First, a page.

Handing over the keys: young journalists take over Europarl for a day

Youth - 29-06-2007 - 13:07
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European Youth Media Days in the European Parliament

Young journalists at the EP

It's not every day that 270 young journalists descend on the European Parliament. But the "European Youth Media Days" made it happen. Fresh minds were applied to the future of the media in political Brussels, a future few doubt belongs as much to the internet and "new media" as to traditional print and broadcast. Appropriate then, that some journalists got hands-on experience of internet journalism, as they received the keys to the EP website.

This Friday, 29 June, the regular web editors of the European Parliament took a back seat as 22 young editors, one for each language of publication, took over their desks and keyboards. The articles on the following pages were conceived, written, illustrated and published by the young journalists.  Just like the regular crew, they had to pitch their stories and sell their ideas to a hard-bitten editorial committee, but, if the stories are there, they must have succeeded!
The keys to the website are now back where they belong, but we hope you will find the work of the young journalists interesting, enlightening, enjoyable and above all, promising for the future.
The European Youth Media Days event was co-organised by the EP and the European Youth Press.
REF.: 20070622FCS08197

Young Europeans need education, but at what level, national or European?

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office with laptops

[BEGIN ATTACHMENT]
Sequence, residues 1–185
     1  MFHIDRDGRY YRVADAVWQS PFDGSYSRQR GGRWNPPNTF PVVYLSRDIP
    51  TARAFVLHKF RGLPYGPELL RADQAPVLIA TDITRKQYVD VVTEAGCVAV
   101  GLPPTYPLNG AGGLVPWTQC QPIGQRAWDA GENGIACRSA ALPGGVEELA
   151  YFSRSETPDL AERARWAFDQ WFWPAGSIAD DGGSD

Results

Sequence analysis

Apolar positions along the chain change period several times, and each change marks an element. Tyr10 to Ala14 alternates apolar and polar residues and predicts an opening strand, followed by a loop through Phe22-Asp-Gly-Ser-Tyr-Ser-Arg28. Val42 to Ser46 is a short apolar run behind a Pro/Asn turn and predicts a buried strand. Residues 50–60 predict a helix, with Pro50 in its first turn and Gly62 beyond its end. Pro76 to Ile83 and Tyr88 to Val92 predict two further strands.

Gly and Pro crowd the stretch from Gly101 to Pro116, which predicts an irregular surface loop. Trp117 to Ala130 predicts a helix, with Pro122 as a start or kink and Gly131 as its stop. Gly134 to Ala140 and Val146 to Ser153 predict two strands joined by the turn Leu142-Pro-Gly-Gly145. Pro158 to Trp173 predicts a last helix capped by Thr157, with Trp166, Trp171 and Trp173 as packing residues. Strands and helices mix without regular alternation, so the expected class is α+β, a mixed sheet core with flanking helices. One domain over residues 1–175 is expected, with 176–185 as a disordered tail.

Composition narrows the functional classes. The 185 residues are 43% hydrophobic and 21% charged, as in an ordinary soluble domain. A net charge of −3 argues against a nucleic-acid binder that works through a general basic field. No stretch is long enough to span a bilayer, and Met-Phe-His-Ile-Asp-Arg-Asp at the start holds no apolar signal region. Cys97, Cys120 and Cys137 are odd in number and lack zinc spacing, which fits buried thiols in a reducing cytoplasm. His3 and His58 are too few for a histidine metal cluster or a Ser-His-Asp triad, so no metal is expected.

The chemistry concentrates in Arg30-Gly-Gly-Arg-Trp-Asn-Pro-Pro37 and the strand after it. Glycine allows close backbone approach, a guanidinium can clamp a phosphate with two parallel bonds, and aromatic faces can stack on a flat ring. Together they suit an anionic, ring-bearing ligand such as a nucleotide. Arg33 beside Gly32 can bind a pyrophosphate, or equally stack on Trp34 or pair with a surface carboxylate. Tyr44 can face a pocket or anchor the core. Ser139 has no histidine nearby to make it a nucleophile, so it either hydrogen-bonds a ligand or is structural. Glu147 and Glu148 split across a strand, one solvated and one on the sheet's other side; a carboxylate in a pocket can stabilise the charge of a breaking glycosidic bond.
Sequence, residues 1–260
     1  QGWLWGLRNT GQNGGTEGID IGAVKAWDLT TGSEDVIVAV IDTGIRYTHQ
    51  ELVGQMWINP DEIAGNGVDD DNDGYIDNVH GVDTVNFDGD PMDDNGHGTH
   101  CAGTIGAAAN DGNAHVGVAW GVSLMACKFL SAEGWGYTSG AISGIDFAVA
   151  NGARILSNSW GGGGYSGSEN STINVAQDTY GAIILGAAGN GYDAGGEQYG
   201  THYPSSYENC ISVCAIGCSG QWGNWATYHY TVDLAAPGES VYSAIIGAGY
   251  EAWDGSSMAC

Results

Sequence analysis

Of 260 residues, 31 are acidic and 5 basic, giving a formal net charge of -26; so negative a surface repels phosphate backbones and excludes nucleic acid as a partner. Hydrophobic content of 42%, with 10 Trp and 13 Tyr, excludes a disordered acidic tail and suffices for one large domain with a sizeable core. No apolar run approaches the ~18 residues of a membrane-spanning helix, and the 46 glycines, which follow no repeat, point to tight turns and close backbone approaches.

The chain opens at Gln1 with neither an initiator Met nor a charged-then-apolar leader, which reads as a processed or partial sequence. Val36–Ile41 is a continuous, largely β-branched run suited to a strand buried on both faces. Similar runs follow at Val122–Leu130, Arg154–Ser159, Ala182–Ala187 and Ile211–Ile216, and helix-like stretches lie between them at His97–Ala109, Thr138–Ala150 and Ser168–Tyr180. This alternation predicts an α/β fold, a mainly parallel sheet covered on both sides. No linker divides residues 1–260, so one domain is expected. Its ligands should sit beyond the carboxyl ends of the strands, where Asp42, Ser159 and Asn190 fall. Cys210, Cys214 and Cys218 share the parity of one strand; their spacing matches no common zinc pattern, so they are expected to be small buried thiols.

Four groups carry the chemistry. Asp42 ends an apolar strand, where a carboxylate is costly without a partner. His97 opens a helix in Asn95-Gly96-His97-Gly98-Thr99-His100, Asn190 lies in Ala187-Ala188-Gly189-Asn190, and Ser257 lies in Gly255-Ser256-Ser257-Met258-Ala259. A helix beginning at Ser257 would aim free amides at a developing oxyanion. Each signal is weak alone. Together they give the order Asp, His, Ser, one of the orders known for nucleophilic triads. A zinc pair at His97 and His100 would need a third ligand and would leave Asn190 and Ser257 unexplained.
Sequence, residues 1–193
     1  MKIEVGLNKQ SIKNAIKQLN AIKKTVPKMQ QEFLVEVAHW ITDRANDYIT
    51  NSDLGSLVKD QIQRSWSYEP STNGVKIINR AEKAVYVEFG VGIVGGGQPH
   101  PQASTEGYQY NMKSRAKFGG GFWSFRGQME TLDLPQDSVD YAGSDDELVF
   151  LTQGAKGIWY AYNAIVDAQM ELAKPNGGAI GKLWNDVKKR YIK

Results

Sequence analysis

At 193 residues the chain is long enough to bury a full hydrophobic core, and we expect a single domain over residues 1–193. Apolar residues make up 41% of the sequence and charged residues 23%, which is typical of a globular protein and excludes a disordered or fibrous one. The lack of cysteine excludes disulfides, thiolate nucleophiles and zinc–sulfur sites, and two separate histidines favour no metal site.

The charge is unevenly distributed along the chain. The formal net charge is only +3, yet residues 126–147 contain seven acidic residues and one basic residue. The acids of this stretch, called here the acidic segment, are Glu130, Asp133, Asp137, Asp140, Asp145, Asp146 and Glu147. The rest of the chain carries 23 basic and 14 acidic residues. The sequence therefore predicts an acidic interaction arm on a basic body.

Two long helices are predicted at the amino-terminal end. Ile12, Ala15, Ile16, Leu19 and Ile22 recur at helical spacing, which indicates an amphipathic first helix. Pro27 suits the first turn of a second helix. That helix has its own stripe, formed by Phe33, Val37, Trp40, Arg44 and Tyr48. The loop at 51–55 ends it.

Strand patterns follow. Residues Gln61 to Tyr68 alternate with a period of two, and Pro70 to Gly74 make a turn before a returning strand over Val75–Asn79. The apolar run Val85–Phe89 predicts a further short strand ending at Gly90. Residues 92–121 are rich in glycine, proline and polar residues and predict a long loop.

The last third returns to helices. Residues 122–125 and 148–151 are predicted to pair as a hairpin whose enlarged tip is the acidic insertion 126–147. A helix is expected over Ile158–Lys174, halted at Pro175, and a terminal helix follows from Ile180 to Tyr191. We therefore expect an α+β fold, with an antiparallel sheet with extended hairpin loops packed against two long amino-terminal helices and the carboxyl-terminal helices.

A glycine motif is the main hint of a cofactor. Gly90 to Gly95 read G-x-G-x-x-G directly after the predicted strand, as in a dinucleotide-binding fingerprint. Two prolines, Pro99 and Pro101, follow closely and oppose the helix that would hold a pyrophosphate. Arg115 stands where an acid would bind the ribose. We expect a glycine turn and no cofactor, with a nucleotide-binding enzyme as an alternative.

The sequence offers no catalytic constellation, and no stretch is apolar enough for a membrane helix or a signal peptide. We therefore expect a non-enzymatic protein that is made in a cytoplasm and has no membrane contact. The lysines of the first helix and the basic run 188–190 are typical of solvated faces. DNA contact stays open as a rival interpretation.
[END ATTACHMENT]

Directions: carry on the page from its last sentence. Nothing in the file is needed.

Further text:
Over the past 50 years states have come together to cooperate on issues such as agriculture and trade policy - with consensus that working at European level was best. However, one area where the EU institutions do not have competence is education - this is a national issue. The question we, a group of young journalists, put to other young journalists gathered in Brussels was "should the EU develop an education policy in an increasing competitive world?"
In 2004, a Eurostat survey on the then 25 member states revealed that 15.1% of youngsters leave school with only lower secondary education. But the Lisbon Strategy to improve EU competitiveness demands that by 2010 2 million less will leave school early so 2 million more will graduate. Of course, better education means better jobs and lower employment so could an EU "common education policy" be the answer?
We asked some young European media-makers participating at the EYMD for some feedback.
"All the EU needs to approve is a general idea of the educational system, nothing more than that," said Rada Irmie, 21, from Romania, "It might include regulations like gathering no more than 10 students in a class and stuff
like that. Teachers can influence the early school leavers the most. I think the EU should encourage and fund more programmes for teacher training."
German Susanne Henn felt that everyone should have an equal opportunity to find his or her specific talent. "Young school leavers should have alternatives. They should be offered various job specialization and orientation opportunities."
On the other hand, Katrin Oder, 33, from Estonia said, "No, I don't think that the EU should have a common education policy. The style of teaching is various, and you can't make it equal with an EU system. Cultural and historical background plays a major role".
A 25 year old Belgian, Brecht Soenen, felt the most difficult thing in Europe was switching countries, "I think that Europe needs some guidelines so you can take your education as a journalist in Portugal and then work in Belgium". He stressed the importance of each country's diversity ensuring that, "you can learn more in three days visiting another country than in one year of learning about it at school". 
Although the EU has no official competence on education, it has several educational processes. The mobility grant Erasmum is currently celebrating its 20th birthday in style, satisfied with the 1 million young Europeans that it has let travel and study through-out Europe. The Bologna Process is a cooperation programme that harmonises university education. The European Parliament recently backed two reports, one by Helga Trüpel (Greens/EFA, DE) on the lifelong learning programme and a second on the European qualifications framework by Mario Mantovani (EPP-ED, IT).